Social Scientist. v 4, no. 43 (Feb 1976) p. 57.

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Women of India

The All-India Conference on Women at Trivandrum^ organised by the Indian School of Social Sciences^ came to the following conclusions at the end of a series of public sessions and group discussions which lasted from 27 to 30 December 1975:

IN INDIA today women are relegated to a position subordinate or inferior to men. Neither preordained nor true for all history of past Indian society, this is a legacy of several epochs marked by the rise of private property in the means of production and division of labour. The man came to assume primary control of the productive means, shifting the woman primarily to housework. In the isolation of the home, she was denied access to social knowledge and experience, an essential precondition for mental development. Once pushed to the background, her lowliness in the family and society was maintained by all the weapons at the command of the ruling classes: religion, epics, literature, art, social norms and sheer force. Struggles by women for their rights have thus become indispensable. Growing awareness of the need for improving the conditions of women prompted the United Nations to declare 1975 as International Women's Year. India joined the ritual, but the year is coming to an end without so much as touching the basic problems of women's emancipation. No progress has been made either in the formulation or implementation of concrete programmes of action.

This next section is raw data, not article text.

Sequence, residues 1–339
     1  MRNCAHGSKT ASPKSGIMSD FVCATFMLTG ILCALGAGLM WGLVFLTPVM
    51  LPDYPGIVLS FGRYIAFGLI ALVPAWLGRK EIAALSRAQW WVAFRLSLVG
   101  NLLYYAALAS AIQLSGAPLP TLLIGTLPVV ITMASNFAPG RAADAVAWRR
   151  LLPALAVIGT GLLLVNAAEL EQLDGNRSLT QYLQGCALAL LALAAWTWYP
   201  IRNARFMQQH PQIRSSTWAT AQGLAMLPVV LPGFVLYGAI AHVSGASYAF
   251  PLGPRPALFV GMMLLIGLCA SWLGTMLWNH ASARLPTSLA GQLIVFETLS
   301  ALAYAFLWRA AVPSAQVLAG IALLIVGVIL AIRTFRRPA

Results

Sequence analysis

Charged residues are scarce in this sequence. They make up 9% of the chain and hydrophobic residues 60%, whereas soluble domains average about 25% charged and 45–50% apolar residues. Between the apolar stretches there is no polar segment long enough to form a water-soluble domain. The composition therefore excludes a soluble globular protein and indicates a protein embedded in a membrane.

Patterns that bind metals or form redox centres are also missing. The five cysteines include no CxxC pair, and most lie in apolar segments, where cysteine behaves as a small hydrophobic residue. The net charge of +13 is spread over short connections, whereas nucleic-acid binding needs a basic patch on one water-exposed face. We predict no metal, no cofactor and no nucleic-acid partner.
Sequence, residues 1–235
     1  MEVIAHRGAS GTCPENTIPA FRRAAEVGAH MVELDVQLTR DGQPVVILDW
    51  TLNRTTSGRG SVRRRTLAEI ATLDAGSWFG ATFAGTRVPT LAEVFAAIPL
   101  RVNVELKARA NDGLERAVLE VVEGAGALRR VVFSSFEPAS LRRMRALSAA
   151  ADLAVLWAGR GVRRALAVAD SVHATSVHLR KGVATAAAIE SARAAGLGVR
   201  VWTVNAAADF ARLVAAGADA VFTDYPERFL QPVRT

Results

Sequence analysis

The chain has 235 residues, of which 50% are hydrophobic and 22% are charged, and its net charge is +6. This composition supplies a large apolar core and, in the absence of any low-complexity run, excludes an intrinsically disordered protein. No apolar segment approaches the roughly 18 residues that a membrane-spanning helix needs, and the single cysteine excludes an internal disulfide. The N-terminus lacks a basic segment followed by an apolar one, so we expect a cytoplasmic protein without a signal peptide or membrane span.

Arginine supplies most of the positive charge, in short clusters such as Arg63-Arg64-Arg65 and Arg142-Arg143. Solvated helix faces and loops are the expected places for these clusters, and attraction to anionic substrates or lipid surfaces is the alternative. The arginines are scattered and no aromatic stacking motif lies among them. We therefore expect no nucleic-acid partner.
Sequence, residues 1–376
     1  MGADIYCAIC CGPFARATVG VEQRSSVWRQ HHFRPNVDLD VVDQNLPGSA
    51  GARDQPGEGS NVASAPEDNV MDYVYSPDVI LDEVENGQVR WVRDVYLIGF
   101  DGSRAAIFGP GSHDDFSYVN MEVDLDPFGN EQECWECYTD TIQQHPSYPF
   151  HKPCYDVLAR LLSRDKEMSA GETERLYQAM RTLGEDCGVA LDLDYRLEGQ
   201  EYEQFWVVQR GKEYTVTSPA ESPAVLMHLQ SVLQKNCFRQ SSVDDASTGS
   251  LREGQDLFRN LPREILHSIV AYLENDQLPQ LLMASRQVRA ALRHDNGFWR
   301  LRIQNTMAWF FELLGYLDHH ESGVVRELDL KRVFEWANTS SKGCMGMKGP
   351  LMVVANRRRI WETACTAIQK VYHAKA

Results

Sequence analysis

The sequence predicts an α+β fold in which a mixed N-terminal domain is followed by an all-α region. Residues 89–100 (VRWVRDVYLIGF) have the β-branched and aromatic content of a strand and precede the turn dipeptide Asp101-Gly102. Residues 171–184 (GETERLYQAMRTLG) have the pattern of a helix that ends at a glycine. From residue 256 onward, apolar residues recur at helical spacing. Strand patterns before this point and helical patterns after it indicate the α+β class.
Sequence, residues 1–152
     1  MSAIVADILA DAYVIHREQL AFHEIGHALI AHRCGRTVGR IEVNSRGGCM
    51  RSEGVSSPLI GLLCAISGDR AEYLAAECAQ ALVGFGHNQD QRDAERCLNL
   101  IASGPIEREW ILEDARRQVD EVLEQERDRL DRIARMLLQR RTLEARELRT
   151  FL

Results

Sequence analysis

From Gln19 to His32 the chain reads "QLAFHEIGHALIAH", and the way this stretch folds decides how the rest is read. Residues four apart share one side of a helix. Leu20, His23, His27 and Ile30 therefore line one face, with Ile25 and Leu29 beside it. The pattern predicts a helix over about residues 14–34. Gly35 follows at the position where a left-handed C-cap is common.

Available evidence suggests that women enjoyed a much better status in primitive society. Later, in feudal times, women were looked upon as chattel, the playthings of men, with child-bearing and -rearing as their main functions in life. As capitalism was superimposed over the feudal and semi-feudal system in India during imperialist rule, new forms of exploitation and social oppression of women appeared in the wake of large-scale ruination ofhandlooms, handicrafts and other cottage industries and the increase in the landless agricultural population.

The last 28 years of national independence witnessed continuance of some of the old, and emergence of the new, forms of social oppression of women. In order to hoodwink people in general and women in particular there is glib and extensive propaganda about women's "opportunities" for participation in every walk of life.

Notwithstanding all the talk about socialism and the status of

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